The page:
Deal to bring Hydro One customers under Hydro Ottawa falls through
The two utilities had been in talks since June to try to reach an agreement
A plan to bring all Ottawa residents into the same energy grid has fallen through.
Hydro Ottawa has failed to reach an agreement with Hydro One, the provincial power provider, to acquire its remaining customers who live in the city of Ottawa.
"We're completely disappointed. We understand the sensitivity. We understand the issue," said Hydro Ottawa President and CEO Bryce Conrad. "We have worked tirelessly to sort of find a creative way to solve this problem, but at the end of the day I can't make it work."
The two utilities had been in talks since June to find a way to bring about 45,000 Ottawa customers served by Hydro One over to the Hydro Ottawa system. Many of those customers pay much higher rates to the province than to the city for power.
Conrad broke the news to Ottawa city council yesterday in a letter that didn't disclose costs or other terms of negotiation due to a non-disclosure agreement between Hydro Ottawa and Hydro One.
In an interview today, Conrad explained that the two sides "just couldn't arrive at a commercial agreement. The valuation Hydro One places on these customers legitimately is much higher than what we'd be willing to pay."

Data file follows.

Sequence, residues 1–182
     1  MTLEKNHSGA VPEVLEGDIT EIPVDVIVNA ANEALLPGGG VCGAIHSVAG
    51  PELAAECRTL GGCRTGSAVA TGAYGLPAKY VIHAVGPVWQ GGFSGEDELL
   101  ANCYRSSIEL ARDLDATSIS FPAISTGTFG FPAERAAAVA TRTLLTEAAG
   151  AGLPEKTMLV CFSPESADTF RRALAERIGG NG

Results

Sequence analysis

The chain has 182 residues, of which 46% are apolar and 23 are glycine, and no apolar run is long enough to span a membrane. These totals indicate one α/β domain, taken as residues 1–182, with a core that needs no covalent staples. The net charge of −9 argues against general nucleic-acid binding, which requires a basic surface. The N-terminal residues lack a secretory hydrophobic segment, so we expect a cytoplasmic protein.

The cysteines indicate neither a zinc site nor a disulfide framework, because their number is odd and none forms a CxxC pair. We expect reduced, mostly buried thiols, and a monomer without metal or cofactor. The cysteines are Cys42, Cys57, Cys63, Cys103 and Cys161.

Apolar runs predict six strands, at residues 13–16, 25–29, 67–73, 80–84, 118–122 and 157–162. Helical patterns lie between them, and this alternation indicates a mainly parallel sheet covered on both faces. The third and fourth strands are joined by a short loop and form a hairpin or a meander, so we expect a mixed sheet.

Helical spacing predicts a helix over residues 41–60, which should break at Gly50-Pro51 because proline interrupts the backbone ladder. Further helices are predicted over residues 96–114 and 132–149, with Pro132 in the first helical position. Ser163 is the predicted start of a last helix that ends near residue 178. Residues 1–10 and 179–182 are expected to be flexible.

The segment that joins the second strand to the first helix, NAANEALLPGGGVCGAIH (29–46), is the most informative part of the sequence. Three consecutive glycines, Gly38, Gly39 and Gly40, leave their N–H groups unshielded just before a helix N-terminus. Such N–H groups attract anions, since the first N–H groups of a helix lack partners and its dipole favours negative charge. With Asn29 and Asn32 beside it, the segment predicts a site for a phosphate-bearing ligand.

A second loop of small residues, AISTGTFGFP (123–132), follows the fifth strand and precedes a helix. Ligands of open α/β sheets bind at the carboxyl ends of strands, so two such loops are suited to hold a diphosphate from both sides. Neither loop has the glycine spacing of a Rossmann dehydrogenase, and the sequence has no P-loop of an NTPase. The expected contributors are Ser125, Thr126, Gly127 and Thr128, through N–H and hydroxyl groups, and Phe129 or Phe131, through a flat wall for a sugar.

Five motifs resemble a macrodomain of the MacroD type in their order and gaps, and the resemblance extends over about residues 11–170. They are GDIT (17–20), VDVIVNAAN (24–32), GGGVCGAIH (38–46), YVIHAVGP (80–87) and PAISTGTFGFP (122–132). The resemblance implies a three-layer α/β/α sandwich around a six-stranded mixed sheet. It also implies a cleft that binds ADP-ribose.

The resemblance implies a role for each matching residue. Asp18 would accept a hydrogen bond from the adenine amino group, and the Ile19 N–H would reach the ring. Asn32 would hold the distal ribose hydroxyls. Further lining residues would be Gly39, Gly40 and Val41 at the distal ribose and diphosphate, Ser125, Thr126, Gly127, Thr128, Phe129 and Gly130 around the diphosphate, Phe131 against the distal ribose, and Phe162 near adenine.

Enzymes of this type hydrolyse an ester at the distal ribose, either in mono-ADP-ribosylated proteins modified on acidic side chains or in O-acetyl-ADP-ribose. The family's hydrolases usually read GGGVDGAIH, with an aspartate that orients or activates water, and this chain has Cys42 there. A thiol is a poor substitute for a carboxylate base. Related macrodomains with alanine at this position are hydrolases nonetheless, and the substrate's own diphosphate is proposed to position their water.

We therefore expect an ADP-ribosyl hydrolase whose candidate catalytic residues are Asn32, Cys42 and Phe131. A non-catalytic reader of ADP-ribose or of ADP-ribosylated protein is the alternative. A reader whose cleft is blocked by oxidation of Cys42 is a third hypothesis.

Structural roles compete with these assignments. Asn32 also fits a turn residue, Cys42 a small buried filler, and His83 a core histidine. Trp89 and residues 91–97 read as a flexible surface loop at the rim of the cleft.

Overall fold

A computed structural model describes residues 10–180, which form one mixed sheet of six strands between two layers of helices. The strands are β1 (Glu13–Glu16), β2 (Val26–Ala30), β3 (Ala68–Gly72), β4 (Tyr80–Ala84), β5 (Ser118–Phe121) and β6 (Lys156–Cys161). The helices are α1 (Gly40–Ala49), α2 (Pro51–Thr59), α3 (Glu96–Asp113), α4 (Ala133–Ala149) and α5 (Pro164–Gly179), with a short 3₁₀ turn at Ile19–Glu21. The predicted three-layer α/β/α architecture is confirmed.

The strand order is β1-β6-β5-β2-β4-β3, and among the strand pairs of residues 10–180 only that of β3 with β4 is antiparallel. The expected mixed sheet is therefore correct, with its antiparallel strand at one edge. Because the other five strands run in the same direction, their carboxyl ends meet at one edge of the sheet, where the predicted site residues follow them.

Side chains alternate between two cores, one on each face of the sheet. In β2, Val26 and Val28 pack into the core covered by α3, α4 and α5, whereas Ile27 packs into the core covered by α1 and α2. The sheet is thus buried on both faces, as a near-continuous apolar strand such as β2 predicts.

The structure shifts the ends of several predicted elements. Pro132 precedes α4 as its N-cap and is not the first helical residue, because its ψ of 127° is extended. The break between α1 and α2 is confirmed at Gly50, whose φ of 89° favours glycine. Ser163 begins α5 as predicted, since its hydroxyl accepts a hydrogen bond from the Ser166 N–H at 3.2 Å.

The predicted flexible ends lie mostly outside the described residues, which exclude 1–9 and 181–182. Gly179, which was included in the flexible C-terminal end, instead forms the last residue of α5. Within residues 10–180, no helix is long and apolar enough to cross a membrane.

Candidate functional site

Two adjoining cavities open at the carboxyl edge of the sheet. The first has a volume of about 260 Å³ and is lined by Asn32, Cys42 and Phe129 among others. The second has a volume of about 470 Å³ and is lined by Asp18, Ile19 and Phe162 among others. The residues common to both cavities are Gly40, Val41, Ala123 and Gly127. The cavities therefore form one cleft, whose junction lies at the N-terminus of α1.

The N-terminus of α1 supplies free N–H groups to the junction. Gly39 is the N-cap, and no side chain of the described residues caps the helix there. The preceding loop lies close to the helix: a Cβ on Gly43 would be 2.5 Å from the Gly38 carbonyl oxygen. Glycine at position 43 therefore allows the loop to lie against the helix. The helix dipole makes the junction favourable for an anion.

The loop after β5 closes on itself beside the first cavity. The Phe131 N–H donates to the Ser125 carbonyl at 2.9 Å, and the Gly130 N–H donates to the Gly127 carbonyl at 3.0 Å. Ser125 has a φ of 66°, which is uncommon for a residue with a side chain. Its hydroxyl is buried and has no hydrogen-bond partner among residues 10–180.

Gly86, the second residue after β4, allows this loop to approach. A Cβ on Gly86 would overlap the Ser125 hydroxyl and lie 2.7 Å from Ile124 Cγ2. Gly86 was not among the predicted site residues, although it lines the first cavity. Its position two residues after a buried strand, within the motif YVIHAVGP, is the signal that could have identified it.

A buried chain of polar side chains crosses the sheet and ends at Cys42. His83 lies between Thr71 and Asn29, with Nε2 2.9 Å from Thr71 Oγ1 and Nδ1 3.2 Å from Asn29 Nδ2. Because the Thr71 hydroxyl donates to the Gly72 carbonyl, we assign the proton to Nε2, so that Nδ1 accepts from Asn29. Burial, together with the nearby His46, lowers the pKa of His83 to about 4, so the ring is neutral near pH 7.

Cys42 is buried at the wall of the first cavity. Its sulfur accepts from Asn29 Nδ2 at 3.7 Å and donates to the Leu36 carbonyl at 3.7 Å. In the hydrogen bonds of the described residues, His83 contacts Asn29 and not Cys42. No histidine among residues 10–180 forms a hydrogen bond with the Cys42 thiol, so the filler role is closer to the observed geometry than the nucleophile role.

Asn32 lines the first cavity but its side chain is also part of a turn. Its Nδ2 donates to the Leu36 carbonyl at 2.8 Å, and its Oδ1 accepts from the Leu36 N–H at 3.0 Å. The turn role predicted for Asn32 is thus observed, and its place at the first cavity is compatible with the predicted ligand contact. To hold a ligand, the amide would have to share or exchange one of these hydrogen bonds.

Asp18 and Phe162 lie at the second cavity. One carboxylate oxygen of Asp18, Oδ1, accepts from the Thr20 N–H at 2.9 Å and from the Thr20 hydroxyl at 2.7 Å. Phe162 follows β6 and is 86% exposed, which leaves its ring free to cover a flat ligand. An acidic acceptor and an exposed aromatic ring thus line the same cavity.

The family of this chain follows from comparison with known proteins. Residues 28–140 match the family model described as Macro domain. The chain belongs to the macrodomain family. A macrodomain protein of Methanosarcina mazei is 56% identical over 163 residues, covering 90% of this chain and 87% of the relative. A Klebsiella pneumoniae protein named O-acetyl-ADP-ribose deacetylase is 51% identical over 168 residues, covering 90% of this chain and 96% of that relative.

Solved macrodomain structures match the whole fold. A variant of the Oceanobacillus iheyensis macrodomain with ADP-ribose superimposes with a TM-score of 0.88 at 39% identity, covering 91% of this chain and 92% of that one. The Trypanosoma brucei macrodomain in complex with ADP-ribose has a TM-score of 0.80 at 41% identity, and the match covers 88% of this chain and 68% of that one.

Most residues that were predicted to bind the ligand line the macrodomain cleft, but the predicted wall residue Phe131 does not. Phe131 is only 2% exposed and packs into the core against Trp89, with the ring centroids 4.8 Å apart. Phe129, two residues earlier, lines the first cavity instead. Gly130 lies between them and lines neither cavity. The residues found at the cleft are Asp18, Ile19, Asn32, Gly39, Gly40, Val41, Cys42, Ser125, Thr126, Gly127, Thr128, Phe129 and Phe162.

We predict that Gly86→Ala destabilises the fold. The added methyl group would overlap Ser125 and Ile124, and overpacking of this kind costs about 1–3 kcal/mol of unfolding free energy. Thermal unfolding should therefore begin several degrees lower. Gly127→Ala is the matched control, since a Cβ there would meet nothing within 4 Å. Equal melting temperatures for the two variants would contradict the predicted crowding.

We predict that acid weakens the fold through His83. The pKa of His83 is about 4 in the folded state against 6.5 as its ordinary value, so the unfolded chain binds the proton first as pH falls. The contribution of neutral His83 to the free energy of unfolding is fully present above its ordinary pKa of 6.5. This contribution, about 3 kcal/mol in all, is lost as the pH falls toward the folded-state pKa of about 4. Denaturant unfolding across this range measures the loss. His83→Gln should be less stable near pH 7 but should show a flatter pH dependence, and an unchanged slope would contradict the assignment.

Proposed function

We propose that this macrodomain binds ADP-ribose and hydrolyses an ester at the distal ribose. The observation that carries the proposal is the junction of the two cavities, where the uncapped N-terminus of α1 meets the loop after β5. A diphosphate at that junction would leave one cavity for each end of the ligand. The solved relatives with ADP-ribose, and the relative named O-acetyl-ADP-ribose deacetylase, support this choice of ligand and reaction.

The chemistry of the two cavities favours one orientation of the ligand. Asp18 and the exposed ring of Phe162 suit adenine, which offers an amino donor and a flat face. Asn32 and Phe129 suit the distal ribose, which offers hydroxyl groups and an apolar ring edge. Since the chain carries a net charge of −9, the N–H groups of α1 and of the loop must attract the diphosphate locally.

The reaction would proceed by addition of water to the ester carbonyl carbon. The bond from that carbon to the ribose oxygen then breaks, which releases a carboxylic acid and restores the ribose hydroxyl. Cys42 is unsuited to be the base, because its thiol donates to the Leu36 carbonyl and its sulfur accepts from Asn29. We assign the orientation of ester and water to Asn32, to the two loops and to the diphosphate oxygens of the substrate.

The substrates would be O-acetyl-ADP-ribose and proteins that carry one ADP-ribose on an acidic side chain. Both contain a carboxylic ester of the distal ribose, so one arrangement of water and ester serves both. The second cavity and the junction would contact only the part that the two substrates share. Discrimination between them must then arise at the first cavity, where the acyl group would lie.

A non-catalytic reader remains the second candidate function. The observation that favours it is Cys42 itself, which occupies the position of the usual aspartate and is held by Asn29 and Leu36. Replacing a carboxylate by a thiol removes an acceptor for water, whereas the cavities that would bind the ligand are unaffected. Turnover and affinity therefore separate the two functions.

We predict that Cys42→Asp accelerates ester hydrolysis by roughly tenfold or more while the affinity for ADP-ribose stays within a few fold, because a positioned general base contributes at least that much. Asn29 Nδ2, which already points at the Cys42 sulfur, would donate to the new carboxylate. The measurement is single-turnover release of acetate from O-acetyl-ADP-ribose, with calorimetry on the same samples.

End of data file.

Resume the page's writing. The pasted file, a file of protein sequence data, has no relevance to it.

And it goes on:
Many of those remaining Hydro One customers live in outlying areas of Ottawa, like Orleans and Greely.
"Sometimes it's just only about the principle," said Darouze. "We are city of Ottawa residents. We pay our taxes to the city of Ottawa. We get our garbage picked up by the city of Ottawa. Our bylaws is the city. And it's ironic that you get a bill at the end of the month from Hydro One."
Some customers pay up to 30% more
He estimates that Hydro One customers in his ward pay up to thirty per cent more than those serviced by Ottawa Hydro. He believes municipal officials should have properly addressed the problem when they first started planning amalgamation in 1999.
"I personally think they should have dealt with it at the same time," said Darouze. "Now we're trying to deal with it 16 years after, and I am honestly very disappointed."
"I was hoping, but I didn't really think it would work out," said John Korteweg, who estimate a move to Hydro Ottawa could save him up to $2,000 a year. "We're forced to pay the price, whether we like to or not."
"It's pretty sad. We are city of Ottawa, so why are we not city of Ottawa hydro?" said Gary Denofrio. "It doesn't make any sense. I mean I pay $300 a month. That's totally ridiculous. And I have friends in Ottawa that pay $85 for the same house."